Turkish coup likely to strain relations with EU
Dubai - As a rising number of Turks — more than 45,000, according to reports — are rounded up, sacked or suspended by the Turkish government in response to the failed coup, concerns have been growing in the West.
Turkey’s state-run news agency reported the detention of more than 100 generals and admirals, 9,000 police and more than one-third of the country’s 81 provincial governors. The crackdown has widened from military, police and the judiciary to include schools and media, with TV and radio station licences being revoked as well.
US and European leaders have called on the Turkish government to demonstrate restraint as a wide-reaching crackdown takes hold. Western leaders appeared to be slow in taking clear positions regarding the coup while it was unravelling.
Turkey, a country with a population of 75 million and key NATO member, remains a nation of great importance to the West.
Since its founding in 1923, Turkey has experienced extensive military intervention in politics, including four takeovers. The Turkish military was traditionally dominated by secular republicans keen to preserve the political system laid out by Mustafa Kemal Ataturk.
But since it first came to power in 2003, the Justice and Development Party (AKP) of President Recep Tayyip Erdogan has gradually and skilfully neutralised the political role of the military.
The Turkish military is no longer the political actor or vanguard of secular Kemalism it once was. The latest coup attempt took place amid rumours of discontent among mid-ranking officers of Turkey’s military. The coup included the chief of staff along with other senior generals being taken hostage.
For many observers of Turkish politics, the coup attempt came as a surprise — so much so that it generated debate about how it came about and even whether it could have been staged.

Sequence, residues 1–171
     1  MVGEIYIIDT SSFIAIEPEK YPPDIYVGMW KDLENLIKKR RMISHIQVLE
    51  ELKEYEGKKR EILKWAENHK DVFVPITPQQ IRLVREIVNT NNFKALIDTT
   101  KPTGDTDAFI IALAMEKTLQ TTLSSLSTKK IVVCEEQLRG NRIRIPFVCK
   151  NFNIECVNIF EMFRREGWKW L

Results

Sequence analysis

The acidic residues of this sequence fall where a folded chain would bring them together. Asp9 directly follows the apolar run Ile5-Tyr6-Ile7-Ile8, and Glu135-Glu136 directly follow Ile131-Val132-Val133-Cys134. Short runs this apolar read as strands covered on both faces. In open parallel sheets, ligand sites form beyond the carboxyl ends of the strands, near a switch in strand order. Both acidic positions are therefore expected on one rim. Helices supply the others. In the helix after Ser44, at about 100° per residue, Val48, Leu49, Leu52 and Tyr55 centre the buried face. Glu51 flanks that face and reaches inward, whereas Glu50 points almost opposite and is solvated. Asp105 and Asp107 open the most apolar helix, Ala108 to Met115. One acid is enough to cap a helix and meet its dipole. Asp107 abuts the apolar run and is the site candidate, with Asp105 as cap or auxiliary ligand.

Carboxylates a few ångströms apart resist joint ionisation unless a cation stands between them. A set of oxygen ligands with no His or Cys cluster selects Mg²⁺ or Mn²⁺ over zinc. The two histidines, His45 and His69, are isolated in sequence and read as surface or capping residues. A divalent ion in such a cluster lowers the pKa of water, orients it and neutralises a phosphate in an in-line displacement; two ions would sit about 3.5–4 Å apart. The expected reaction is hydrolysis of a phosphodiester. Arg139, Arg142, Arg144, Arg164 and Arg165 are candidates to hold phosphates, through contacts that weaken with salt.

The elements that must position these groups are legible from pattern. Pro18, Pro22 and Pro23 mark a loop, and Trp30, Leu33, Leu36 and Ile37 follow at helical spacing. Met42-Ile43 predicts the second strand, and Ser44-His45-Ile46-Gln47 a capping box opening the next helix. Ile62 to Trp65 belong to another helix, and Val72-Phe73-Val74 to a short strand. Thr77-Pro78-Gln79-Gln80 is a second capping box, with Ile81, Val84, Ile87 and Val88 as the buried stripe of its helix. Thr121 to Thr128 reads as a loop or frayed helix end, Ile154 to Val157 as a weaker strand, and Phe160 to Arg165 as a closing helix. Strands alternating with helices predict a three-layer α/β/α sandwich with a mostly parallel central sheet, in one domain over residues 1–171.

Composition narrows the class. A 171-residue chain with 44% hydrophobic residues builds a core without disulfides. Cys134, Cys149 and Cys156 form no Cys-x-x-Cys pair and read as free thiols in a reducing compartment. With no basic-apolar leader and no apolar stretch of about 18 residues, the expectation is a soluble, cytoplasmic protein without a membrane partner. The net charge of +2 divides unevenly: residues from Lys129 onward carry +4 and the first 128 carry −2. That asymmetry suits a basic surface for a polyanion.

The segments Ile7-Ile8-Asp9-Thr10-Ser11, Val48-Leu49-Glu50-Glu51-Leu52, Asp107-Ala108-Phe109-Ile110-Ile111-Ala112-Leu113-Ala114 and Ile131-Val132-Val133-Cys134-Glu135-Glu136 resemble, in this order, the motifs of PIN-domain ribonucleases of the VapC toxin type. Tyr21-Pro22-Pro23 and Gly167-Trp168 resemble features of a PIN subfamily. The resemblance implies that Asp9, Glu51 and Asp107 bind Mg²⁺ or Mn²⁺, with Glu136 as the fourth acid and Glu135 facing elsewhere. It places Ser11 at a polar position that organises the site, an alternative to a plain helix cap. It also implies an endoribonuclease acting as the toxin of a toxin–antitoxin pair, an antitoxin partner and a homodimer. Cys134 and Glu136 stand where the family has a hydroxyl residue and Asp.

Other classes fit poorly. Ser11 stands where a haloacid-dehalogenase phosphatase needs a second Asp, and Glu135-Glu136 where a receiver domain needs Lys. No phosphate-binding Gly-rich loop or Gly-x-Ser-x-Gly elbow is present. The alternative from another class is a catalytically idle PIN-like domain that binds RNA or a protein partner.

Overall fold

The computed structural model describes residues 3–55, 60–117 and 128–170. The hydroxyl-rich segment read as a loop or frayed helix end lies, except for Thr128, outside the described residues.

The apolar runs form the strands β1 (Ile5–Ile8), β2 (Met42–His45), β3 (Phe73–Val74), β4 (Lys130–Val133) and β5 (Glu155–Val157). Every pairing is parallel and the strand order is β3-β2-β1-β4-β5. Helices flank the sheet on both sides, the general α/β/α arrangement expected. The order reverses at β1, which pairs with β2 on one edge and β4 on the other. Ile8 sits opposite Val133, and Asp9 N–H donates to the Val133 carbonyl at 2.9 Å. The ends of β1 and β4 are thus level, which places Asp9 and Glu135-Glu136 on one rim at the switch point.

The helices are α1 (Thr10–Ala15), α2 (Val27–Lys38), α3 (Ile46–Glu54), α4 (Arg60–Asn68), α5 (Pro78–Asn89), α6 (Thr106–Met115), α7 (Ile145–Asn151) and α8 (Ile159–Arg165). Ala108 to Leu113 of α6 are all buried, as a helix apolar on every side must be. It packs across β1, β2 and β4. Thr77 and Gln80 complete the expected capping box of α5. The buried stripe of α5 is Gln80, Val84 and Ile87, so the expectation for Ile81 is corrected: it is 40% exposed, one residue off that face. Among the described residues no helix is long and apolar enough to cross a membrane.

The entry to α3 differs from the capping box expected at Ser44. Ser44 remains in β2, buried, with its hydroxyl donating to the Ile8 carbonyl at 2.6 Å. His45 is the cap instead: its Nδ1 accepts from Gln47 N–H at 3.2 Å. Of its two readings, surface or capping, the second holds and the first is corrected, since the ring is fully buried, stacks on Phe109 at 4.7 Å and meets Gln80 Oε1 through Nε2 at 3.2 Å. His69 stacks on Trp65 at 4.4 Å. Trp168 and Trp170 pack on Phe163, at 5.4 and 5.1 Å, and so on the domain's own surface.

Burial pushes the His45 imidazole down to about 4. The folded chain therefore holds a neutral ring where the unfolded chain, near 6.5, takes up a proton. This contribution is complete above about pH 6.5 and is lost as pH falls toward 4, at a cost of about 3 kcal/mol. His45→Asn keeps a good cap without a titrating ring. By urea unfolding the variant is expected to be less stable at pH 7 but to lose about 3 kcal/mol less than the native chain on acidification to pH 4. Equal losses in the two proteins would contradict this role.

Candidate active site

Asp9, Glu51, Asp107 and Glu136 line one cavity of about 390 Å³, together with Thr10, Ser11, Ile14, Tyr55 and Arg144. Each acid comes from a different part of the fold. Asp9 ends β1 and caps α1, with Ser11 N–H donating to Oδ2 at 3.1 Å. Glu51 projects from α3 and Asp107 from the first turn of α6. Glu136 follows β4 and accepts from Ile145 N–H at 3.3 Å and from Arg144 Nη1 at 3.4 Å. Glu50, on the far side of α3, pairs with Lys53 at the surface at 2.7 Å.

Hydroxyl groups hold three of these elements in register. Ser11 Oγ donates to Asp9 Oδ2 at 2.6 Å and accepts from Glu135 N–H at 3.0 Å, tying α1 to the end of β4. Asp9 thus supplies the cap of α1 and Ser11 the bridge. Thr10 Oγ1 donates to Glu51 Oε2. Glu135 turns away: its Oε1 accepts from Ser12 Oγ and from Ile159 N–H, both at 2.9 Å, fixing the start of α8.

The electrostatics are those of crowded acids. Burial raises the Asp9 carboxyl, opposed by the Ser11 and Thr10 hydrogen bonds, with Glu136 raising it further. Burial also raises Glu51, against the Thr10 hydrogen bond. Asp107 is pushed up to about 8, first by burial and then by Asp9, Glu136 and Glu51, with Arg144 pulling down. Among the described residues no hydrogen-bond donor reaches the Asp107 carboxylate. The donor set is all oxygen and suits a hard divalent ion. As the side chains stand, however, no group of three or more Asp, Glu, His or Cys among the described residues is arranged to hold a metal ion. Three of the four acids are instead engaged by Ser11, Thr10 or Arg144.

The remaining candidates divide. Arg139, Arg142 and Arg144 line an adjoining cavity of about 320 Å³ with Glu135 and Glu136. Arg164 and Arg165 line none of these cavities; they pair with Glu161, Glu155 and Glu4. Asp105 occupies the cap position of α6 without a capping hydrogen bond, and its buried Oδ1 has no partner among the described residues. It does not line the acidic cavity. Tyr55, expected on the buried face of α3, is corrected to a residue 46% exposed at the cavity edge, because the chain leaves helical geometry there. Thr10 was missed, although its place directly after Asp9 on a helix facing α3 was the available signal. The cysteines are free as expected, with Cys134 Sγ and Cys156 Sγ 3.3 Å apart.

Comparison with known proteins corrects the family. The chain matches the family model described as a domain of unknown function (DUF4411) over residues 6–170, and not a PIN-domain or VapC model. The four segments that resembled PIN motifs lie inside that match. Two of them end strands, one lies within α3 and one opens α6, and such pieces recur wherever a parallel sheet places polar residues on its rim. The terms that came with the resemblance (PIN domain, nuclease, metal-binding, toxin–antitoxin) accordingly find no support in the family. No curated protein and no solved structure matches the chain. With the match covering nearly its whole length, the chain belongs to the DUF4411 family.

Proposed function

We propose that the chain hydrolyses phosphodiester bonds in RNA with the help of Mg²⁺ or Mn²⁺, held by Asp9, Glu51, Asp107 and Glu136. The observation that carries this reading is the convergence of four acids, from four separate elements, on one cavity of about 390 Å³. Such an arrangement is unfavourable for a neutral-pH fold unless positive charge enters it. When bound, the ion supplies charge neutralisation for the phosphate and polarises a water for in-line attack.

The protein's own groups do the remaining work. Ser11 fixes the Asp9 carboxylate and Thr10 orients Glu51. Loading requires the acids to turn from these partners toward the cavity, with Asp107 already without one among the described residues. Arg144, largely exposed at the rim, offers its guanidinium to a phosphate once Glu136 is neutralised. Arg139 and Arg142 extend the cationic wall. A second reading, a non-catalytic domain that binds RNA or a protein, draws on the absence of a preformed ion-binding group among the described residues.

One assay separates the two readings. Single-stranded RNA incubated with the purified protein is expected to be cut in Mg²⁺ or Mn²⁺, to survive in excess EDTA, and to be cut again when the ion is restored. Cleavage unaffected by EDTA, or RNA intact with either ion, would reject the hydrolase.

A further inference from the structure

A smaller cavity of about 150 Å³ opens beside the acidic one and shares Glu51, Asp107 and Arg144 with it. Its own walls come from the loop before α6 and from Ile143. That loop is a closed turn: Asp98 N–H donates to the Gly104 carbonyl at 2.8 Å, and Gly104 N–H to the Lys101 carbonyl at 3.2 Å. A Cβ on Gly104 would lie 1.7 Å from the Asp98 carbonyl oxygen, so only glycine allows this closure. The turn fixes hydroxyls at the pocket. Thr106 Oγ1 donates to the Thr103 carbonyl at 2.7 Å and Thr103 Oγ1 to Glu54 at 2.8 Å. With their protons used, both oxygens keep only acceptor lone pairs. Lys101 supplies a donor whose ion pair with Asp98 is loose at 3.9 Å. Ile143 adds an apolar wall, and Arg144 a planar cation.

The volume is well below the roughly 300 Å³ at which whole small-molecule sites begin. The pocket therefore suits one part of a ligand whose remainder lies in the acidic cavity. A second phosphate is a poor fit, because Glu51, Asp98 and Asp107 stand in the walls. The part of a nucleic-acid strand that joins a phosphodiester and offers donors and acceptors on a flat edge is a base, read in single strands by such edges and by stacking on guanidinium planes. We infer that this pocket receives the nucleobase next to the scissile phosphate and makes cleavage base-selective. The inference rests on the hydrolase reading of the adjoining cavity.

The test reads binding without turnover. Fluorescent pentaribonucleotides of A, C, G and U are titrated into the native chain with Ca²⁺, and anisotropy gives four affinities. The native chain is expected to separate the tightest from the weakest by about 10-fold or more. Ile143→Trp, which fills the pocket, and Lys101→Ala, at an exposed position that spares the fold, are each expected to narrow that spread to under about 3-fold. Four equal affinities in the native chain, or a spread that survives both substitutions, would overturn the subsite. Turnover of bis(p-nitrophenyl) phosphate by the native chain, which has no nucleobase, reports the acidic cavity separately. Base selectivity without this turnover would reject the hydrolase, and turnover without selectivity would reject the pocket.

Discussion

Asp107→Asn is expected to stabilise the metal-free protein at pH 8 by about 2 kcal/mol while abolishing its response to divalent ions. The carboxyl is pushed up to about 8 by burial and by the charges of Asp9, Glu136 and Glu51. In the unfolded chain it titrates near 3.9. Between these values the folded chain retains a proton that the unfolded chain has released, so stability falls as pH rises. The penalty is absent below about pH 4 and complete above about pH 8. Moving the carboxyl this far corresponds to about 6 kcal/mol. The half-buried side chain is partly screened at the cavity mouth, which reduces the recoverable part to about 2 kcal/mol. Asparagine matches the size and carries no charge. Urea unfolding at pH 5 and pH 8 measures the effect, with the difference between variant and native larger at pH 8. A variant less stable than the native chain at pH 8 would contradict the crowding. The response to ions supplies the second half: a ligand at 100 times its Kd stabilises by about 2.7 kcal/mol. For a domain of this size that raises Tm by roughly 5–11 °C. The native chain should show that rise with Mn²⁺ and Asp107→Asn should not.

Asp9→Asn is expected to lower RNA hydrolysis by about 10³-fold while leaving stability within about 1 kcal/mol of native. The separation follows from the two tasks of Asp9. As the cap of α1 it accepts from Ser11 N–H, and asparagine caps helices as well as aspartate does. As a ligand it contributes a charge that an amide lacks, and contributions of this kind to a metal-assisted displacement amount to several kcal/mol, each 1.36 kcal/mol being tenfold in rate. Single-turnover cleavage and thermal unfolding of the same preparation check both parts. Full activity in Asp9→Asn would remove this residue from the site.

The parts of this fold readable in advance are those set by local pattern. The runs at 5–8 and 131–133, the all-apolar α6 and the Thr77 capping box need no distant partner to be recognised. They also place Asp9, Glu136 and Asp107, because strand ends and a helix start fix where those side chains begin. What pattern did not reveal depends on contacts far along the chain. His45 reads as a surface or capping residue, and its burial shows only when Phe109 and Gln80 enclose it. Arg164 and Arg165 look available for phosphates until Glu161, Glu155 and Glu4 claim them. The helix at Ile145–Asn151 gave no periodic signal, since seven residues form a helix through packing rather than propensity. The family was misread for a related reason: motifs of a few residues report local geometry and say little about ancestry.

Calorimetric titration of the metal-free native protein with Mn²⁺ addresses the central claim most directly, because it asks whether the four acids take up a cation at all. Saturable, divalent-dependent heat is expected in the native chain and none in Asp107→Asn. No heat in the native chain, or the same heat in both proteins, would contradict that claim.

Johannes Hahn, the European Commission official overseeing Turkey’s EU membership bid, said it “looks at least as if something has been prepared… Lists are available, which indicates it was prepared and to be used at a certain stage. I’m very concerned. It is exactly what we feared.”
Turkey declared a three-month state of emergency, with Erdogan vowing that “all the viruses within the armed forces will be cleansed” as he hunts down “the threat to democracy in our country, the rule of law and the rights and freedom of our citizens”.
The Turkish government has pinned the blame of the attempted coup on former allies but now arch-rivals from the Fethullah Gulen movement.
Participants at pro-government rallies have called for the restoration of capital punishment to which Erdogan responded that “demands of the people cannot be overlooked in democracies”.
Capital punishment was abolished in 2004 by Erdogan, then the newly elected prime minister, as part of meeting EU conditions for accession as a full member. In recent days, EU leaders have made clear that reinstating the death penalty would end Turkey’s membership bid.
The European Union is also in the process of finalising a migrant deal with Turkey where Ankara will be assisted with $6.6 billion and Turkish citizens offered visa-free travel in return for Ankara preventing migrants from crossing to Greece and taking back those who have already made the journey.
The migrant deal has been hit by hurdles due to EU concerns over Turkish counterterrorism laws, which they fear undermine political freedoms. At the same time, however, EU leaders are worried Turkey could reopen routes into Europe for migrants.
The Turkish government’s relations with the West are likely to become more strained over the coming months and perhaps longer, especially with the European Union, which tends to be stringent on conditions it attaches with its partners.
Turkey has far less to lose this time around, however. Erdogan and his government will be strengthened, and if their wider foreign policy reset — relations with Russia, in particular — is successful, then realpolitik should pay dividends.
Europe and the West may not have to love Erdogan but they should get used to living with a stronger and meaner president of Turkey.